The Loss of Identity and the Quest for a New Self
My life with Parkinson’s disease is so strange that I sometimes feel as if I don’t know my own self anymore.
I have a runny nose that isn’t attributable to allergies or viruses. Rather, it’s a dysregulation effect of the disease. I feel sadness that isn’t depression, but rather is connected to unrelenting Parkinson’s pain. People often see my restlessness and assume it’s anxiety. But it’s actually akathisia, or restless legs. I experience hyperarousal several times a day that is not PTSD. Loud emotions and senses occur all around me.
It’s too easy to misdiagnose these symptoms and label them as mental health issues. Trained in using such diagnostic criteria, I can see the mental health view. That’s when I lose my identity.
Several times a day, my movements are extremely slow, like swimming through thick, muddy water. My motor amplitude is off, such as when I automatically reach for a glass and knock it over. It’s like having a broken autopilot. Why are car rides so exhausting? Airplane travel is worse. The system that is designed to self-correct our posture when moving is dysfunctional.
Car rides aren’t a problem of sitting. I do that at the computer for hours without the same intense pain and fatigue. It’s caused by the autopilot overcorrecting body position over bumps and around curves, and doing so throughout the trip. Until I made sense of this, all I had was, “That’s the Parkinson’s.” But I couldn’t get comfortable with that explanation because the way the literature described the disease didn’t fit me.
How do you explain all of this to a medical provider who has only 15 minutes of time to give you, and whose narrative about the disease is so different?
The struggle for control
In his book, “The Wounded Storyteller,” Arthur W. Frank says that our story is also shaped by our self-control, and sense of self-agency. Suffering from chronic illness steals control, adds the stigma of control loss, such as loss of bladder control, and forces one into a crisis of identity. If I can’t control myself then who am I?
My narrative is about the struggle for more control, even in the face of a progressive brain disease. Part of this search for self-efficiency is the story we tell ourselves about suffering and how those stories resonate with those whose opinions matter.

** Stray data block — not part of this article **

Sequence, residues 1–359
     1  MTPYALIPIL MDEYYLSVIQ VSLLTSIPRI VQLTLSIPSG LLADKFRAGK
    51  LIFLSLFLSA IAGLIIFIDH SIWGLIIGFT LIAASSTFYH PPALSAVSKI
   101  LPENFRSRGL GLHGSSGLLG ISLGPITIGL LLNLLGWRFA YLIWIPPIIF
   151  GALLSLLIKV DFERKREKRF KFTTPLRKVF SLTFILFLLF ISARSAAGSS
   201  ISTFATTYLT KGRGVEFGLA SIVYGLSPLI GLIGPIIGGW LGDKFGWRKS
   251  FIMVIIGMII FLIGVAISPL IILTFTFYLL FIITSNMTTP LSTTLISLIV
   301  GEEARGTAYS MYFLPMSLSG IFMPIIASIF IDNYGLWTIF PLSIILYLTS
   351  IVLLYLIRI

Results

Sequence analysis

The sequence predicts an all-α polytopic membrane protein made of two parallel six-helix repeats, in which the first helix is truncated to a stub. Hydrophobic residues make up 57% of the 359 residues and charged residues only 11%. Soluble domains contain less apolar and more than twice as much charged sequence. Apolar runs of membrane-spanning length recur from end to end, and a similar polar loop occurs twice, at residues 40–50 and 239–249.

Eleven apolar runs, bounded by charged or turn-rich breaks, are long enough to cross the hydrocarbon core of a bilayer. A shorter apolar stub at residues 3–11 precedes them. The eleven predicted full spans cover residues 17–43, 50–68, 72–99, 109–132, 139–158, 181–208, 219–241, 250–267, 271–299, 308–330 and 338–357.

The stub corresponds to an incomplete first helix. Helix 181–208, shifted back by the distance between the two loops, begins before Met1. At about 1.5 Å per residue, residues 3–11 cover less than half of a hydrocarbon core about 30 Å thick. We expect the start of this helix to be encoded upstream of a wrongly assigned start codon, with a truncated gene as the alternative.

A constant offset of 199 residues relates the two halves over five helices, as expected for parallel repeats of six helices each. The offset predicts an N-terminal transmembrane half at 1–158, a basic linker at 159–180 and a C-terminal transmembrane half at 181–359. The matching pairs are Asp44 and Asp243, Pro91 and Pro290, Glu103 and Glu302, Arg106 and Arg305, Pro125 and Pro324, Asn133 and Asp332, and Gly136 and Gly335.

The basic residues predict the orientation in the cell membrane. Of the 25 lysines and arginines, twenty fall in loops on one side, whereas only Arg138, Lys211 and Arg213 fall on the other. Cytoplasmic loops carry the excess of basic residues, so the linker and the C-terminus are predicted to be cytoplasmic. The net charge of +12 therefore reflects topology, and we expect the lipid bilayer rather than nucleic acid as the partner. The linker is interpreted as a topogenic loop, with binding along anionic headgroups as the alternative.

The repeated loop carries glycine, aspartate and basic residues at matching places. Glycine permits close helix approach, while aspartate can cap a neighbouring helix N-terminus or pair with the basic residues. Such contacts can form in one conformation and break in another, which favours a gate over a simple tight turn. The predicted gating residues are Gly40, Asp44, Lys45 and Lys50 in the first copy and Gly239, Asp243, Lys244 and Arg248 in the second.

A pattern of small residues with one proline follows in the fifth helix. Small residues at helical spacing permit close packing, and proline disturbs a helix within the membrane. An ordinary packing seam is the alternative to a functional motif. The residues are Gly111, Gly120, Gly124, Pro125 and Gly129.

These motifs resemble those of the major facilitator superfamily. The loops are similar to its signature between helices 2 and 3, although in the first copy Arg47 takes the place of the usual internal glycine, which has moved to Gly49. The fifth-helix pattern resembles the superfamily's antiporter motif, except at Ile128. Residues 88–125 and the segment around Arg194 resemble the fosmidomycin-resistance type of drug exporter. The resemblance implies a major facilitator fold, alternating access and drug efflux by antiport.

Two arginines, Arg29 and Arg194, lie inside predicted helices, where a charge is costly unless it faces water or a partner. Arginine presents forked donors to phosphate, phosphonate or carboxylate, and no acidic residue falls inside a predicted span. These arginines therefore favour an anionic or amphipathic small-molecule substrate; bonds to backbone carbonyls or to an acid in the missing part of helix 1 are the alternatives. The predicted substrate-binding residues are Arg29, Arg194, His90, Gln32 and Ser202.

When my illness narrative isn’t understood, I’m left wondering if I am mentally ill. That’s when I lose my identity.
I know I can’t control my body all the time. The disruption of suffering from aging and illness cannot always be predicted. It’s not easy accepting this as a part of life. Acceptance is part of personal narrative, but my illness narrative doesn’t match the norm.
The ‘sick role’
There is a caveat in illness narrative. With “The Social System,” published in 1951, Talcott Parsons wrote the first major sociological theory of the role of health and illness in social life, and argued that being ill was not just a biological condition, but also a social role with a set of norms and values assigned to the role.
Parsons identifies the “sick role” as having four chief characteristics.
First, the sick person is freed, or exempt, from the responsibility of normal social roles. The more severe the illness, the more one is freed from normal social roles.
Second, people in the sick role are not directly responsible for their plight.
Third, the sick person needs to try to get well. The sick role is regarded as a temporary stage that should not be prolonged.
Finally, the sick person, or patient, must seek competent help and cooperate with medical care to get well.
All things new
Illness within the sick role is connected to “a cure.” Parsons doesn’t address “illness” when there is no cure. The illness story is different when perceptions of the illness include chronic and progressive symptoms. Getting well in the case of my Parkinson’s story is not about a cure, because there is none. I live with the disease. My rehab orientation seeks adaptations to function better. My narrative is different, and this creates a mismatch.
My discovery is not that of reclaiming control of a lost self, but the creation of a new self through a new illness narrative: the narrative of possibility, rooted in science and personal experience. This new self-identity accepts that Dr C. is sharing a different narrative and there will be resistance. That’s part of the quest. The healer and the wounded storyteller are both called to share a message of possibility and the rediscovery of self. I am grateful for the opportunity to do so.
Note: Parkinson’s News Today is strictly a news and information website about the disease. It does not provide medical advice, diagnosis or treatment. This content is not intended to be a substitute for professional medical advice, diagnosis, or treatment. Always seek the advice of your physician or another qualified health provider with any questions you may have regarding a medical condition. Never disregard professional medical advice or delay in seeking it because of something you have read on this website. The opinions expressed in this column are not those of Parkinson’s News Today or its parent company, BioNews, and are intended to spark discussion about issues pertaining to Parkinson’s disease.